PSEC: Defining a Data Protocol

SUMMARY: After creating some skeleton code to move ints, strings, arrays, and objects from javascript to server and back again, I define PROTOCOL 0001. This defines the “commands” that are sent to the server and the return response. It also lays the groundwork for error checking and multi-user support. Next step will be to implement the protocol to support the actual functions of the web app.

After getting the AJAX calls to work reliably last night, I can now focus on getting the front end to work. It’s probably good to review the order of initialization of the program once more:

  1. WordPress page with my special template page visited in browser.
  2. Template page sets Javascript variables and loads Javascript file
  3. Javascript file executes after page is loaded and DOM is complete
  4. Javascript file dynamically loads additional scripts using variables set in step 2.
  5. READY TO ROCK

At this point, Javascript is running the show. We’re looking at a website which should be loaded with interactive goodies. There are two approaches to this: we could render the goodies in the HTML, or we could load them dynamically and add them to the HTML. It’s the latter approach I’m thinking of using.

But first, I have to define the command protocol…here’s a basic starting list:

  • init – load models and layout structures
  • load – load all models and layout structures. Parameters: what to load,
  • save – save all models and layout structures. Parameters: what to save, and data to save
  • add – add a new “item”. Parameters: item type. Returns new item ID
  • delete – delete an item. Parameters: item ID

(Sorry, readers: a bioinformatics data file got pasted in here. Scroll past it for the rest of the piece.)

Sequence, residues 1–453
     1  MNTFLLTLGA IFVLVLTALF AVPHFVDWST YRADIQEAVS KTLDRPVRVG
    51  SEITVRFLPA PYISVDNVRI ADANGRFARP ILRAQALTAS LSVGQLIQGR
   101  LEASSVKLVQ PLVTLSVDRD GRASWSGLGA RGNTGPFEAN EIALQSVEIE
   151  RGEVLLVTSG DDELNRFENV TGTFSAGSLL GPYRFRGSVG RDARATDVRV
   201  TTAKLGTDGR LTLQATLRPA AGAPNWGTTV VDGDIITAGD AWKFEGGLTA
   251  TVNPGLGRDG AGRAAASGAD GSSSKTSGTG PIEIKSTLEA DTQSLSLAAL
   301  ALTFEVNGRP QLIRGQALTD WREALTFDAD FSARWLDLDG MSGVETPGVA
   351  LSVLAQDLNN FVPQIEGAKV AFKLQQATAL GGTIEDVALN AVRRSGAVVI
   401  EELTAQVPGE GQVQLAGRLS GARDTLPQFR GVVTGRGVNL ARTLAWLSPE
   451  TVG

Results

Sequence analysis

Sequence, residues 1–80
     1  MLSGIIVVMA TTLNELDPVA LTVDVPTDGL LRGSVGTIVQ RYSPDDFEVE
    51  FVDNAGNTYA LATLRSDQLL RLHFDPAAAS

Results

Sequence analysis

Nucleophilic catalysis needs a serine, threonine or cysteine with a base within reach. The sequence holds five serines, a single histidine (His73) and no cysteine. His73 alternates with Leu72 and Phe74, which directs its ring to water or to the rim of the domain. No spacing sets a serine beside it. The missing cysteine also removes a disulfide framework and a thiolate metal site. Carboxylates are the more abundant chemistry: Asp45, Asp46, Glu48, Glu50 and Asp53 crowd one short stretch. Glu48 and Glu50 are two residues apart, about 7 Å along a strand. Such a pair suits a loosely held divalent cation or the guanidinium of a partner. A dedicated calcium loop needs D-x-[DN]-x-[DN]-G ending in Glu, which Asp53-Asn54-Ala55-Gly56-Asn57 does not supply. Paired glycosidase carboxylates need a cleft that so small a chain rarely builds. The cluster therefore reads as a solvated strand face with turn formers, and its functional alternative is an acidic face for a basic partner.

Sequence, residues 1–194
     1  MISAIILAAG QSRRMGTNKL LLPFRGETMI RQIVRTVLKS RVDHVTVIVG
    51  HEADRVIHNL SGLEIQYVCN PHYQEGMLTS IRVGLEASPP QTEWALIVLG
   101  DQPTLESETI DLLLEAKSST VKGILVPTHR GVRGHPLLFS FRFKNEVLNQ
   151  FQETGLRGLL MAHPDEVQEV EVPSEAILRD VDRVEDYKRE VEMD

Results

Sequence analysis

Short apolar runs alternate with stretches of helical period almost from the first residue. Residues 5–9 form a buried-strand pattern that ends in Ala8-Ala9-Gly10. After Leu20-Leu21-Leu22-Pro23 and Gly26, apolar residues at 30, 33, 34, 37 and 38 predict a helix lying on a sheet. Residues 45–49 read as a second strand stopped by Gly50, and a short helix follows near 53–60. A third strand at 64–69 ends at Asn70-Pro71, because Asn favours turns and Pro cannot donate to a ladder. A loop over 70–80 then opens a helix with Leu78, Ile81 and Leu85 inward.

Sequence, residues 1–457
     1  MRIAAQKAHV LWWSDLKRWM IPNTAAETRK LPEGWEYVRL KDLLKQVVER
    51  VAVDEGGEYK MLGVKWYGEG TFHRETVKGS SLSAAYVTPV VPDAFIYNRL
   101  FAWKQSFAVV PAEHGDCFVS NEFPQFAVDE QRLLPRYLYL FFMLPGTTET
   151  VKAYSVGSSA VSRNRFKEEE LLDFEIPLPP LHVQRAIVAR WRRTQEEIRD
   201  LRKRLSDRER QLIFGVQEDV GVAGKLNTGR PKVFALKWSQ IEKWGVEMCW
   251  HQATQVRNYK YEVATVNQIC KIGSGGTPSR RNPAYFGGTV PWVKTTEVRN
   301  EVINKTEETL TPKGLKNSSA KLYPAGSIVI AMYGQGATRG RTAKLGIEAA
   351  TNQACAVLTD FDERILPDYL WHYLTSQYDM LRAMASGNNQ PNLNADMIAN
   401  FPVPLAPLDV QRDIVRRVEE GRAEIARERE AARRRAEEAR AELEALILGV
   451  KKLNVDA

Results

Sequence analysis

These functions are not really well defined, and will probably change. So, I should include a protocol version number as well.

I’m referring to “model” and “layout” structures, as they would be accessed by a “controller” that coordinates actions between everyone.

  • The model is just the Javascript data structure I’ll use to hold task information, indexed by ID. I think it will probably mirror the database data structure, though it holds only a subset of what’s displayed on the screen. The
  • The layout is a list of visual objects, in order they should appear on the screen, with associated visual attributes. They contain a reference to a task ID, which is used to query the model via the controller.
  • The controller is what holds everything together. It’s kind of like a line manager.

Review of Data Sending and Receiving

I think I’ll take a crack at first loading the models from the server, since that’s fresh on my mind from yesterday. Then, I can write the code to draw them.

Before I can do that, though, I need to define the protocol. Let’s review how the data packets are sent to the server:

$.post( DS_AjaxURL, {
    action: 'ajax_action',
    an_int: 1999,
    a_string: 'hello there',
    an_array: [1,2,3,4,5],
    an_object: { param:'value', url:'http://davidseah.com' }
}, function(response) {
    DBG.Out('Success: ' + response.success);
    DBG.Out('An Int: ' + response.an_int);
    DBG.Out('A String: ' + response.a_string);
    DBG.Out('An Array: ' + response.an_array.toString());
    DBG.Out('An Object: ' + response.an_object.toString());
});

On the server side, this is the code that receives the packet:

function ajax_ajax_action() {
    // received data is defined in $_POST
    $an_int = (int) $_POST['an_int'];
    $a_string = (string) $_POST['a_string'];
    $an_array = (array) $_POST['an_array'];
    $an_object = (object) $_POST['an_object'];
    
// response output